With the very best of intentions, Berlin brought a rent cap in at the end of 2019 and they’re suggesting the rents need to revert to 2013 levels. But there will be lawsuits and nothing will happen. The construction and real estate industry will stop work until the legal challenges have been sorted. You need to think of the unintended consequences associated with policy. Conversely, if you were going to create a scenario whereby government just opened the door to the private sector to create policy, then that’s not the way to go either.
Where have you seen a successful effort to “co-design” policy related to the built environment?
We want to have net-zero carbon buildings by 2030. While there was some praise for the European Commission’s Green Deal, the real estate sector very much praised the Netherlands’ Green Deal. Prime Minister Mark Rutte engaged civil society, academia, business leaders and cities. He told them: “Help me develop a policy that is capable of implementation.” To get the ball rolling, he introduced a requirement that all commercial real estate for rent must have a building energy rating of C or above by January 1, 2023. That mandate has completely changed the commercial real estate stock in the entire country.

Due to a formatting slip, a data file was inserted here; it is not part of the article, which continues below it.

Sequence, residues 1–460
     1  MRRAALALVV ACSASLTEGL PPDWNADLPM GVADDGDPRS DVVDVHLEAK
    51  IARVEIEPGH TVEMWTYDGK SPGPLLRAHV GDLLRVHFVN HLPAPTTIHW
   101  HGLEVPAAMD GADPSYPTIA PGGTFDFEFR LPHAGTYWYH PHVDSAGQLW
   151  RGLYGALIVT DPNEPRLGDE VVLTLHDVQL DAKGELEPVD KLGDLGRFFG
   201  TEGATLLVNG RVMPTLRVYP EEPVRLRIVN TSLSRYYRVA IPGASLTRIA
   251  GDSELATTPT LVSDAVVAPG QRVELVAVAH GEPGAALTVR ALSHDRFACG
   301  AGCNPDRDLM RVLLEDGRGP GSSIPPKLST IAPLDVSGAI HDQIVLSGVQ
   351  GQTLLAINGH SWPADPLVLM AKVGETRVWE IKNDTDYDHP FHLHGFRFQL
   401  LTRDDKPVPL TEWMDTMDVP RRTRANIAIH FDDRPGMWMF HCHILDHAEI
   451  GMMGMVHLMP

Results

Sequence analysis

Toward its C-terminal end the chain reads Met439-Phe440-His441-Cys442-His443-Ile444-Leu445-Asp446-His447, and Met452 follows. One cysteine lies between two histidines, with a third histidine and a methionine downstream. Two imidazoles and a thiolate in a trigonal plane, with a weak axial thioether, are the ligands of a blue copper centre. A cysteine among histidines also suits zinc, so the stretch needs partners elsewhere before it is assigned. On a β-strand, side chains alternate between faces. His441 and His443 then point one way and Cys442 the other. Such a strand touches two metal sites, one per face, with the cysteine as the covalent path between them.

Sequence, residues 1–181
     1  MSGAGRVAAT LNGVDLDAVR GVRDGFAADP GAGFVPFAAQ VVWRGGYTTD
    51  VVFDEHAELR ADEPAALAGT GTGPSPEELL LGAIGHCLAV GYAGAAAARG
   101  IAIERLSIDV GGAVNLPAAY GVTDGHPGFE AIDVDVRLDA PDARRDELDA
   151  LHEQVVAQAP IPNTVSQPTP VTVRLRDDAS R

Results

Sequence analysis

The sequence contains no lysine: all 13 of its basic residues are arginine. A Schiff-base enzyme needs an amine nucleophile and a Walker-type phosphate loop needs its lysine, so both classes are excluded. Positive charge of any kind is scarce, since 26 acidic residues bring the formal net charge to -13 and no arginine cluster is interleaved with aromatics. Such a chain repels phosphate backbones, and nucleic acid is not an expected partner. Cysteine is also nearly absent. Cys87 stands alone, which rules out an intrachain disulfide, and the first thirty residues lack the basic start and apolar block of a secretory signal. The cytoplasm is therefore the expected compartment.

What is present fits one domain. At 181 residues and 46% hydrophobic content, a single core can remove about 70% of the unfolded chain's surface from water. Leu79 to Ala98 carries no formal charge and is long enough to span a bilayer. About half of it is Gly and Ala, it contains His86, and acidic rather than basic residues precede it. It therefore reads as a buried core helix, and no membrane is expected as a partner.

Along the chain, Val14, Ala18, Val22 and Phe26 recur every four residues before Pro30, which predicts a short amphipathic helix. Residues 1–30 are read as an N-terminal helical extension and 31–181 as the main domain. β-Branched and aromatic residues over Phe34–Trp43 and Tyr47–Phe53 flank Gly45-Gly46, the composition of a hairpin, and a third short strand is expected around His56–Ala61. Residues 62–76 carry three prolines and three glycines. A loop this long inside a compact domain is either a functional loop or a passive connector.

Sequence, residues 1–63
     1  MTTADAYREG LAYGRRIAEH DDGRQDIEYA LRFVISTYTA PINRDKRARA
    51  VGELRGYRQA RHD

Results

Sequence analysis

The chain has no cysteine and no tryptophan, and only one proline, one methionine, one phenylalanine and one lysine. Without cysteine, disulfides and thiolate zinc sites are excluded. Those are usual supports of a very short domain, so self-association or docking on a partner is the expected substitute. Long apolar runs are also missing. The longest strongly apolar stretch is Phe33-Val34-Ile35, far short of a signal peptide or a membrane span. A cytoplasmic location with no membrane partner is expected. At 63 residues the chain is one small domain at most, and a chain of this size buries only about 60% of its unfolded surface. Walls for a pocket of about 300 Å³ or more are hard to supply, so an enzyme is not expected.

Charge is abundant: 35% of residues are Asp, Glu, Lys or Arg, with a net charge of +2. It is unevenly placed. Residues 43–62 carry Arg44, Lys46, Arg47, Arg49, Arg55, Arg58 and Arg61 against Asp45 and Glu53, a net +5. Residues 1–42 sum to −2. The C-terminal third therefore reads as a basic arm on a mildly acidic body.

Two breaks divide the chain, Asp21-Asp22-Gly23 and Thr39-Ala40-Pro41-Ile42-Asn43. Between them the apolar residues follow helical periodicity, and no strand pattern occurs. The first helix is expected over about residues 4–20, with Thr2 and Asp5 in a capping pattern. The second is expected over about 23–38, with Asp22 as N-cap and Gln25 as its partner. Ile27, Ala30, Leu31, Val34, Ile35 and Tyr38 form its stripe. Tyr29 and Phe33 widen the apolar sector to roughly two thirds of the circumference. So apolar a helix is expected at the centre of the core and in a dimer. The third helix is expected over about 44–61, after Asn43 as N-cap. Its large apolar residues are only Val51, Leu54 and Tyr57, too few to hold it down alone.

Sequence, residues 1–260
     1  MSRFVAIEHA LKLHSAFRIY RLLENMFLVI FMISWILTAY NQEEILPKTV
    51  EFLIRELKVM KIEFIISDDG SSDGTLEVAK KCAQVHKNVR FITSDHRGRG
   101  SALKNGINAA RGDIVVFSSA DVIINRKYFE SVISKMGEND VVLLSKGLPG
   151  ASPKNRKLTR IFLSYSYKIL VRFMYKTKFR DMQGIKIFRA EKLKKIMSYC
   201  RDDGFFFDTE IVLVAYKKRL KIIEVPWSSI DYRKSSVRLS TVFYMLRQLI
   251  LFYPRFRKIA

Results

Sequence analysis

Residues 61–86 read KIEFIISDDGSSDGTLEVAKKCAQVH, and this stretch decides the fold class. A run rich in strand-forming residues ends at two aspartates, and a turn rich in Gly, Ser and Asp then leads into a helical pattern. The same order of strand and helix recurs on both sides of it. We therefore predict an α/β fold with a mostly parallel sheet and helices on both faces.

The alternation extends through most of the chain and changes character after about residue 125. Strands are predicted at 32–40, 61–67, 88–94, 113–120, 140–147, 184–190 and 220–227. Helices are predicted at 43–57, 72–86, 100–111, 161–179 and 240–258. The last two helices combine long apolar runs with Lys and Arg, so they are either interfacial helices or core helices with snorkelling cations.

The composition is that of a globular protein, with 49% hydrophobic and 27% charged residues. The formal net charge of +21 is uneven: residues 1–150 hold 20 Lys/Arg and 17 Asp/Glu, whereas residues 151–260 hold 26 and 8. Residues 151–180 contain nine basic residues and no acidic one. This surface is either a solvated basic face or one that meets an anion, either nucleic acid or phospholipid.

How did the Dutch get everybody around the table?
You build trust. The private sector doesn’t trust government. Government doesn’t trust the private sectors. Civil society doesn’t trust business. Civil society may not trust government. You start with an initial conversation laying out intention: I’m going to make a policy, but I’m going to invite you all into the room together and it’s going to be transparent.
What the Netherlands did in terms of trying to build trust, all the different communities they brought together knew that, okay, we all have the overall same vision in this case. Wouldn’t it be great to have net-zero carbon buildings? But they’re coming at it from different perspectives and if you allow them to transparently air their perspectives, you can seek to create some kind of balanced policy.